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Does money buy happiness?

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On 7 September 2010, the journal Proceedings of the National Academy of Sciences published the following paper by Daniel Kahneman and Angus Deaton, titled “High income improves evaluation of life but not emotional well-being.”

PNAS abstract page
Full paper (pdf)

Kahneman and Deaton found that income improves emotional well-being (experiential happiness) up to a point – $75,000 per year, in fact – beyond which higher income no longer contributes to higher emotional well-being. Higher income does, however, improve evaluation of life (remembered happiness or life satisfaction) beyond the $75,000 level.

The applicability of the $75k limit across different countries and cultures aside, what’s interesting about the study is:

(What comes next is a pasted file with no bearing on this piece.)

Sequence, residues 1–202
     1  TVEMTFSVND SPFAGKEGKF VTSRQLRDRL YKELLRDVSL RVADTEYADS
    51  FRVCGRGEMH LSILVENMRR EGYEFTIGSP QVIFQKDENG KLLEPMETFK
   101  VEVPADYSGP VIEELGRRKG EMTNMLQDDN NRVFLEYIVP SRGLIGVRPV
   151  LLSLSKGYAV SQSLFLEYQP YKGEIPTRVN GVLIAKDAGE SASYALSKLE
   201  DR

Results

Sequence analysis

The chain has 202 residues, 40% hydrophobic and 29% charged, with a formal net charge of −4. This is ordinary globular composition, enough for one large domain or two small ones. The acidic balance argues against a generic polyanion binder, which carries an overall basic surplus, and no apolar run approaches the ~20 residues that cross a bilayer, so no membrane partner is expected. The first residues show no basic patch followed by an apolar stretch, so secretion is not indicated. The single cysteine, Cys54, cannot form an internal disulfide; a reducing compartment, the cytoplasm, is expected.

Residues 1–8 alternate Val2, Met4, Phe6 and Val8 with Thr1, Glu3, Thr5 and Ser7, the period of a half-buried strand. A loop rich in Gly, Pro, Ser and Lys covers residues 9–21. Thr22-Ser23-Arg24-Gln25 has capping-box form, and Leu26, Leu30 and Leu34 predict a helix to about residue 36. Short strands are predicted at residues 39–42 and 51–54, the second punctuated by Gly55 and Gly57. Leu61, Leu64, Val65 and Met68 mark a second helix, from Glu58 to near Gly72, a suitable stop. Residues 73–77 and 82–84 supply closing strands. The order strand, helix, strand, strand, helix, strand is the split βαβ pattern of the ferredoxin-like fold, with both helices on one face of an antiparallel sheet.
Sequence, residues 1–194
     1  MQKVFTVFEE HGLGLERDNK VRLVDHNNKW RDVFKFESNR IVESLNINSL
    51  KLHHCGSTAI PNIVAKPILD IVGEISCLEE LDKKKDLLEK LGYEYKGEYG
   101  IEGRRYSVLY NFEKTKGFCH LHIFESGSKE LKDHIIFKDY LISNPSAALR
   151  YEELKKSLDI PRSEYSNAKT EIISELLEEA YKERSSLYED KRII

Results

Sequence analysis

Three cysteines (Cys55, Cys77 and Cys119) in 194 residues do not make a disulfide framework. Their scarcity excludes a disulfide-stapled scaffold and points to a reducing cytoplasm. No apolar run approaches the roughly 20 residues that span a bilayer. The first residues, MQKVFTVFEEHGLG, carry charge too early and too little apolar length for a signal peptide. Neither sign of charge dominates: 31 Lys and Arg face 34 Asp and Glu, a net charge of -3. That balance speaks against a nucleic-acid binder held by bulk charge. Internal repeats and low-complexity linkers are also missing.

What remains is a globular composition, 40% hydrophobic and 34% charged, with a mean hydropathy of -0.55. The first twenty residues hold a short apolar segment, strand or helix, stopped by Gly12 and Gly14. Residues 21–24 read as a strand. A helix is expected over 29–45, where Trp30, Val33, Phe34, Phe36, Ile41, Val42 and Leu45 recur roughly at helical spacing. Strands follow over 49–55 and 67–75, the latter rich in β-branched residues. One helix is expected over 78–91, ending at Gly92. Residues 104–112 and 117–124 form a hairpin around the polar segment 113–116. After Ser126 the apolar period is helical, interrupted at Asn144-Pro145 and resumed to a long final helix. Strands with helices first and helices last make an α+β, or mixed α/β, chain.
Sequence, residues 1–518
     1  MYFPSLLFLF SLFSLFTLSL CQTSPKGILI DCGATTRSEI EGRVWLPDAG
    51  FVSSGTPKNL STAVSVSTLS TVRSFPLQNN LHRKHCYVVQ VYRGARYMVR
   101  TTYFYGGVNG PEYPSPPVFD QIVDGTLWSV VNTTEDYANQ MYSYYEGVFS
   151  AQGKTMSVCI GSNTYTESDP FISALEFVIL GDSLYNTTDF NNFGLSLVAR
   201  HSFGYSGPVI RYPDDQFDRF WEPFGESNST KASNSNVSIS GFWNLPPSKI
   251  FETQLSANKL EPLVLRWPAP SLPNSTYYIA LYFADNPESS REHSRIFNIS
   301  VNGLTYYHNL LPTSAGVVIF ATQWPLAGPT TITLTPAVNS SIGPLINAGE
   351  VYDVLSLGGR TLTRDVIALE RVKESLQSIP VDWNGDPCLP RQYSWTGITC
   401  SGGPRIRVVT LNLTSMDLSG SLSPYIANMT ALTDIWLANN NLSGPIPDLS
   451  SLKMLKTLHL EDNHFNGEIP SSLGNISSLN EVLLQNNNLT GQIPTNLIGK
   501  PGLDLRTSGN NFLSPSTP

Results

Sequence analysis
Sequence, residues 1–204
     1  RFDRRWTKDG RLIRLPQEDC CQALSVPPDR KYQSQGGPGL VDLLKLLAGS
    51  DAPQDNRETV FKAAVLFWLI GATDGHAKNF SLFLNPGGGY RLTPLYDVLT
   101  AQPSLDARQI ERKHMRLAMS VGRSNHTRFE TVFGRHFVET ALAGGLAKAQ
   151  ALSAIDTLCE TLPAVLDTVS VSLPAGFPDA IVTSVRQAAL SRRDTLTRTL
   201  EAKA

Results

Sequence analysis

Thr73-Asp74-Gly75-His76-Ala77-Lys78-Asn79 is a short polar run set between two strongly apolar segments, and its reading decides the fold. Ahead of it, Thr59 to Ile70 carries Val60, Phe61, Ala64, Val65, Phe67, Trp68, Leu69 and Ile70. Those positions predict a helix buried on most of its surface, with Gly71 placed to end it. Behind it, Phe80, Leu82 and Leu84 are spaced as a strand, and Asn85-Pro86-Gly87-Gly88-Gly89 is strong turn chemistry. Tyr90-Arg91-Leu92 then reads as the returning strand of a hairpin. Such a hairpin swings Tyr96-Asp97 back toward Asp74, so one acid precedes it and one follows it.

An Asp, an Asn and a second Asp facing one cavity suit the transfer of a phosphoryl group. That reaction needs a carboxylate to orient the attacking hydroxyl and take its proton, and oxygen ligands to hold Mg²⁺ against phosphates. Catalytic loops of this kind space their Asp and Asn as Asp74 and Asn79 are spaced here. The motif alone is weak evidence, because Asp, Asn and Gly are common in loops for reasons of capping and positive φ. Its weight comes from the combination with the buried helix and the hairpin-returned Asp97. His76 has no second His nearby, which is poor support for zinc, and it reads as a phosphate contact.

1. There appears to be a well-defined limit to income, and that limit is not some astronomical figure, beyond which having more money does not improve our emotional well-being or experiential happiness, i.e. how happy we are in our daily lives.

2. The distinctly different effects of income on emotional well-being and evaluation of life suggest that the two potentially valid forms of happiness are indeed quite distinct, and we may want to ask ourselves, which is more important to us?

Perhaps many people pay too much attention to evaluation of life (life satisfaction) and not enough attention to emotional well-being (everyday, experiential happiness), and for that reason, pursue income and wealth often at the expense of emotional well-being. (Being in a high income job that you hate would, I’m sure, very quickly generate diminishing marginal returns to emotional well-being.)

At least now we have some empirical data showing that money doesn’t buy happiness.

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Written by tokyotribe

September 12, 2010 at 3:11 pm

Posted in Economix